Yes, Valedictorians Suffer from Test Anxiety Too
As co-valedictorian of the California School of Podiatric Medicine(CSPM), Nassim Tabrizi DPM ’19 is heading to Boston for her residency training after graduating at the end of the month. Nassim talked to us about choosing a podiatry career, overcoming exam anxiety, and finding love at Samuel Merritt University (SMU).
What experiences led you to become a podiatrist?
I like to believe that everything happens for a reason. I was close to submitting my allopathic medical school applications when a painful skin lesion on my foot led me to a podiatrist’s office. During our conversation, the podiatrist encouraged me to shadow him in the clinic and surgical settings. While I shadowed for two weeks, it took much less time for me to realize that podiatry was exactly the career I wanted to pursue. It was not so much the focus on foot and ankle that attracted me to podiatry initially, but rather the fact that the specialty is so multifaceted. It satisfies my desire to be a surgeon without sacrificing more intimate forms of patient-doctor relationships I enjoy in clinic. It was not until I was a student that I became fascinated with the intricacies of the foot and ankle and the lower extremity’s role in our overall well-being.
I interviewed at five of the nine podiatry schools before choosing CSPM. It stood out among the other schools for me because it offered small class sizes, numerous scholarships, and early clinical exposure at the start of the second year. As a Bay Area native, staying home near my family for four years was, of course, an added bonus.
What is a challenge you overcame during your time at SMU?
College was a difficult time for me because I struggled with test anxiety. I often feared how pursuing four rigorous years of medical school would affect my mental health and overall well-being. Speaking about mental health isn’t always easy, but SMU’s welcoming culture provided me with the opportunity to create an open dialogue with fellow classmates and professors. One of our professors, Dr. Bruce Richardson, who sadly passed away last year, was a huge support for me during my first year. Aware of my test-driven anxiety, he would frequently ask me how I was doing and would even go as far as asking me if I was alright during exams. I wish I had the opportunity to tell him how much his caring played a role in my success.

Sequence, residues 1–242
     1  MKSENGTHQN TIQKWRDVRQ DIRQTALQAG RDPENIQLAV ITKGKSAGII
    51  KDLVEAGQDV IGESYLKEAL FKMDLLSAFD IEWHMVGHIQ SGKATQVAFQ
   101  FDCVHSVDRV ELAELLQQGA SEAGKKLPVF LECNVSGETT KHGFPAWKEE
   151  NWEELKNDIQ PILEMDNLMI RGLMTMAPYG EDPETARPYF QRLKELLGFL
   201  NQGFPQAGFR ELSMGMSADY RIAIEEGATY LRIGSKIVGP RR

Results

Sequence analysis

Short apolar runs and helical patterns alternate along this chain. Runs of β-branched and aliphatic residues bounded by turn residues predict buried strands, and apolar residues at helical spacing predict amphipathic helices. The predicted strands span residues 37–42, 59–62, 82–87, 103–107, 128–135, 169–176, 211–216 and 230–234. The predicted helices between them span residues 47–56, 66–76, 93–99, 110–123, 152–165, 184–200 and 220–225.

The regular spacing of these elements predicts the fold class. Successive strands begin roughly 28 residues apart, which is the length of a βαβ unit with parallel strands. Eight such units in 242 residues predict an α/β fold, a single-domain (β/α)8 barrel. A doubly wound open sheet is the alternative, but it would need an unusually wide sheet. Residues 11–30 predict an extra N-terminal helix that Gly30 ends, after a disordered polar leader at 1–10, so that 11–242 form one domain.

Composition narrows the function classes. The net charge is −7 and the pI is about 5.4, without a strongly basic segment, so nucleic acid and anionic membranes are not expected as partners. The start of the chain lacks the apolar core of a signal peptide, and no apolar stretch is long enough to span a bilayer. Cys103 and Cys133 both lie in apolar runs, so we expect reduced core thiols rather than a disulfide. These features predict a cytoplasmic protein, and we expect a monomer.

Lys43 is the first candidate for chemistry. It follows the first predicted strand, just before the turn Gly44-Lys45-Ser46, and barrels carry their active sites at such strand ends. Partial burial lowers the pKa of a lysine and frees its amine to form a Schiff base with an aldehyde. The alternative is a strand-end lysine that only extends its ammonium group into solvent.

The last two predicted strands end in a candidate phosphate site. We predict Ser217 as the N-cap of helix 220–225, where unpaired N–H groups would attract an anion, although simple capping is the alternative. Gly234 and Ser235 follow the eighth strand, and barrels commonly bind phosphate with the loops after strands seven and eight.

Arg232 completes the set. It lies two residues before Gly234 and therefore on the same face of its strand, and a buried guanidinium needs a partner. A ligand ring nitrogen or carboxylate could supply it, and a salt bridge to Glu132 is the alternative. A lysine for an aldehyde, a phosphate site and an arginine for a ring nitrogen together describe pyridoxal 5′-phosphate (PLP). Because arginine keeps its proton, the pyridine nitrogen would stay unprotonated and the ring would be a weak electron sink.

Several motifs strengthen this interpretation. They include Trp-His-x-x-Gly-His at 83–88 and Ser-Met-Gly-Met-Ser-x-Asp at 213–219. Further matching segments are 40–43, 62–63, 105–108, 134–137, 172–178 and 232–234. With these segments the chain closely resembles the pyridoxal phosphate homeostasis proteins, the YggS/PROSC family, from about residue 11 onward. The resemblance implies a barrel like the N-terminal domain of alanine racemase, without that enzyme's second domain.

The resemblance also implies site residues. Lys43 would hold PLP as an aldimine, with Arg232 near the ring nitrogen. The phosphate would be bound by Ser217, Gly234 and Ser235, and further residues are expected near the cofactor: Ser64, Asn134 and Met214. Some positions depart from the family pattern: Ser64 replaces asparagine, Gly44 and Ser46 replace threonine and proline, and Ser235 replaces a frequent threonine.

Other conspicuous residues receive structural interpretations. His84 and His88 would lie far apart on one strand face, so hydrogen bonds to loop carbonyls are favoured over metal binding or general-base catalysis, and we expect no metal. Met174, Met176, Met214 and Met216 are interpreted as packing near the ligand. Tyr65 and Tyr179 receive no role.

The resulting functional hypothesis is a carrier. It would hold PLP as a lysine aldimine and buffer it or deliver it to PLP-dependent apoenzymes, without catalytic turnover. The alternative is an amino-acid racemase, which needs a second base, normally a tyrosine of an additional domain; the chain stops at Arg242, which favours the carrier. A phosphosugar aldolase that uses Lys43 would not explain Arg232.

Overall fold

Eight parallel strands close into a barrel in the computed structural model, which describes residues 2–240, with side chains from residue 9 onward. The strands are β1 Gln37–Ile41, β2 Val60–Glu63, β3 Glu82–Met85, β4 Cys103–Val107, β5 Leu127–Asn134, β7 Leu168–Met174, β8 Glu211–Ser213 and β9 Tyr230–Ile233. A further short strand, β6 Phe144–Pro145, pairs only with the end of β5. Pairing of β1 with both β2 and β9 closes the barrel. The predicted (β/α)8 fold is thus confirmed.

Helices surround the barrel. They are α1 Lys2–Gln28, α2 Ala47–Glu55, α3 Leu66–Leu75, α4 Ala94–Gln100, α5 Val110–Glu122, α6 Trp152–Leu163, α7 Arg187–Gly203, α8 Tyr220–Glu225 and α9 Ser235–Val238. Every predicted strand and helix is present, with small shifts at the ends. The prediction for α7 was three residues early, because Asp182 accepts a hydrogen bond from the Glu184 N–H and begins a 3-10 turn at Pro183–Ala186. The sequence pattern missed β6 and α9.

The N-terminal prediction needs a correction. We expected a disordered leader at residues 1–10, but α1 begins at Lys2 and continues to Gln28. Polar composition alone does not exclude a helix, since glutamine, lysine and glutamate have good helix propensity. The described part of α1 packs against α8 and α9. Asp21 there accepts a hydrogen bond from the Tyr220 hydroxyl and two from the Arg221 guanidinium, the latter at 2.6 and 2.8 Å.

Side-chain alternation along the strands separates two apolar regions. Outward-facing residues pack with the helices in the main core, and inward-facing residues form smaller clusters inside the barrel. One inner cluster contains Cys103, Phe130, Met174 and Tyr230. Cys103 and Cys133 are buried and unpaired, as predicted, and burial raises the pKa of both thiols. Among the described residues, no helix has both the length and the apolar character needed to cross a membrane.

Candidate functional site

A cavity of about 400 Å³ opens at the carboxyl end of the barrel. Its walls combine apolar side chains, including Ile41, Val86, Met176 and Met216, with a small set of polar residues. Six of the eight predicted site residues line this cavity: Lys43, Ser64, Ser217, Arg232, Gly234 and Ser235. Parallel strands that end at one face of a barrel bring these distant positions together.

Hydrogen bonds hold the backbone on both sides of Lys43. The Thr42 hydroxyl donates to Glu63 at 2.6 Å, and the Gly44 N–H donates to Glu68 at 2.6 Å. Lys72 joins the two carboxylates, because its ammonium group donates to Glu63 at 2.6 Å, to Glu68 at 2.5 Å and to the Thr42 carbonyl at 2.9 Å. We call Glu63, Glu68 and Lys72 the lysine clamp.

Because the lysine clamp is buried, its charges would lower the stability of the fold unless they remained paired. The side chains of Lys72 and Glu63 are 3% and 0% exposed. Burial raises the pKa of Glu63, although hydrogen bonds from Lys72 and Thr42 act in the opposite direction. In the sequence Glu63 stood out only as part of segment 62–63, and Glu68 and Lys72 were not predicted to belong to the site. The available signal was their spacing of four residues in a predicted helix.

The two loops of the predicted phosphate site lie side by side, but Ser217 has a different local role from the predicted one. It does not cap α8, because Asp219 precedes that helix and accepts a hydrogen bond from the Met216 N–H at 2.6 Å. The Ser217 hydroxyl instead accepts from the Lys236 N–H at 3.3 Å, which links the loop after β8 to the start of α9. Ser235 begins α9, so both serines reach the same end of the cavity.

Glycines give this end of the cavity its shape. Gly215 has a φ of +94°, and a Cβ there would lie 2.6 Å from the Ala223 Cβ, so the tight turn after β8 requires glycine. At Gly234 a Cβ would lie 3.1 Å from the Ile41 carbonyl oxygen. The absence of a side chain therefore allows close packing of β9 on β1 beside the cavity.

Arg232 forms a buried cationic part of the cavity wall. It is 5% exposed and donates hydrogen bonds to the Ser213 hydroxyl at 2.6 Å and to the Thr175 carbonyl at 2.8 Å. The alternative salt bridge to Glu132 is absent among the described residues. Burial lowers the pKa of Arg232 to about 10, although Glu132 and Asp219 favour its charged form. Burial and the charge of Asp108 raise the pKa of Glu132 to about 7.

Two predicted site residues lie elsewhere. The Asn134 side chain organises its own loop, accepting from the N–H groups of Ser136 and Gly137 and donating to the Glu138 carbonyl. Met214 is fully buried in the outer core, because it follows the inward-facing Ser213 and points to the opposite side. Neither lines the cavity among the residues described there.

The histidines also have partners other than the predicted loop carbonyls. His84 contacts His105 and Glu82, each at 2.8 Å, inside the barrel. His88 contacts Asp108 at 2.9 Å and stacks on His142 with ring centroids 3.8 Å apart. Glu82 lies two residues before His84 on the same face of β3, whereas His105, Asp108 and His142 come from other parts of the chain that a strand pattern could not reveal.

What will you take away from your SMU experience? What was transformative?
Just the other day I was overwhelmed by a patient’s excited and emotional reaction to her new ankle brace. “I can’t remember the last time I was able to walk like this!” she exclaimed as she walked out of our podiatry clinic at Highland Hospital. It’s these priceless moments that make the countless exams and sleepless nights worth it. As for transformative, I met my fiancé, Ajay Singh DPM ’19, through my program — that’s pretty life-changing!
What does commencement mean to you?
With commencement only days away, things are bittersweet. CSPM gave me a family, and I’ll soon have to say “see you later” as we all embark on our respective paths towards three years of residency training. We’ve spent countless hours together in the classroom and clinics, often spending more time with each other than our own families.
As for graduating and becoming a doctor, I have dreamt of this moment for as long as I can remember. Our education doesn’t end here however; this is only the beginning of a lifelong commitment to furthering our knowledge to better care for our patients.
What are your professional plans?
I am so excited to be starting my three years of surgical training in July at St. Elizabeth’s Medical Center in Boston. As for the future, I can’t say what kind of practice I will pursue in the future, but I do know that I would like to be involved in academia, whether it be as an attending doctor for a residency program or a professor in a classroom setting. Who knows, maybe I’ll teach at CSPM one day!
Do you have advice for students just beginning the podiatric medicine program?
Study for the knowledge rather than the grades. While grades are important for obtaining clerkships and residency positions, they are certainly not the only thing programs look at when deciding if you would be the right fit for them.
My second piece of advice: view your classmates as family. Encourage your fellow students to create a non-competitive environment by sharing resources like study guides and flashcards.
I’m so grateful to my friends and family for their endless love and encouragement these last four years. It is because of them that I get to call myself Dr. Tabrizi in just a few weeks. This was most definitely a team effort.
Nassim Tabrizi was awarded the Presidential Scholarship by SMU when she was accepted into CSPM. In 2019, she received the Michael L. Stone Outstanding Professional Conduct Award from the American Board of Foot and Ankle Surgery.